WORKOUT INTENSITY - This will necessarily be lower until adaptation can occur. Pushing your workouts too hard may increase your risk of overtraining or injury. Additionally some people just do not adapt as well as others. There is not one workout program that is appropriate for everyone -- just like at sea level. It is best to keep a log in which you rate fatigue during workout and at rest, morning resting heart rate, weight, and mood. Correlate this with the intensity of your workouts and this will help mold a flexible routine that is right for you.

PERFORMANCE
The body's adaptation to high altitude helps significantly but doesn't fully compensate for the lack of oxygen. There is a drop in VO2 max of 2% for every 300 m elevation above 1500 m even after allowing for full acclimatization. I know that this is a difficult concept to believe because so many programs have touted the benefits of high altitude training.To fully appreciate this realize that there aren't any world record times at high altitudes. Think about this a moment. The air density is much lower, thus wind resistance is much lower. Wind resistance is the cyclists biggest barrier to speed. If all other factors were equal, then there must be faster times at higher altitudes. Because there aren't, means that something else must have decreased. That something is the engine -- the human engine.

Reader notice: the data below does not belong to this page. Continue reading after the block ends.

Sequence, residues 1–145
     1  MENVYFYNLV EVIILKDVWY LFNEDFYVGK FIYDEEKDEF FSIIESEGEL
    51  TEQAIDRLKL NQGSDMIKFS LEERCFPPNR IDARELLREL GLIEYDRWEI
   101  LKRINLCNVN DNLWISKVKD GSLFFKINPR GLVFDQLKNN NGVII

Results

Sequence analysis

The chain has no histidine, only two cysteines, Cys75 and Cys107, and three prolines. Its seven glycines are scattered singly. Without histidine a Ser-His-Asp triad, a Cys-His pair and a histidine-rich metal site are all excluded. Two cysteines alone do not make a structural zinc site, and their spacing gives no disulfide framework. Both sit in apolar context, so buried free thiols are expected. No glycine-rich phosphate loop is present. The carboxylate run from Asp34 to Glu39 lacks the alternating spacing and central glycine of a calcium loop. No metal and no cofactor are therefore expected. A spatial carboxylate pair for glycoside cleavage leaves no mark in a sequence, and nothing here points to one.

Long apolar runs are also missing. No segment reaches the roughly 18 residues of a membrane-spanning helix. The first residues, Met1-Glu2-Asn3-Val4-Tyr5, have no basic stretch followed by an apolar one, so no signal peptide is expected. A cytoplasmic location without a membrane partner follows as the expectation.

Furthermore, while adaptation to high altitude makes you better at high altitude it hasn't proved useful for making you faster at sea level. There is a lot of mysticism that surrounds the belief of enhanced sea-level performance after altitude training, but the current scientific evidence is lacking. The reason is that some of the adaptive responses at high altitude are actually a hindrance at lower altitude. As more research is done then perhaps a training regimen that shows definitive improvement will emerge. The best advice as of 1994 is that high-altitude training is like "magic shoes" -- If it works for you then wear them.

There is some more recent evidence to suggest that a "train-low, sleep high" approach may confer some advantages. In this scenario, training is carried out at low altitude -- to push anaerobic threshold, and VO2 max --but sleeping is done at high altitude so that the hypoxic stress increases red cell mass. Certainly a creative approach and one which might yield excellent results, because it may give the athlete the "best of both worlds". In a practical sense it may be difficult to construct, but if you are lucky enough to live in a situation that allows this type of training, it is worthy of consideration.

WHAT IS MOUNTAIN SICKNESS ?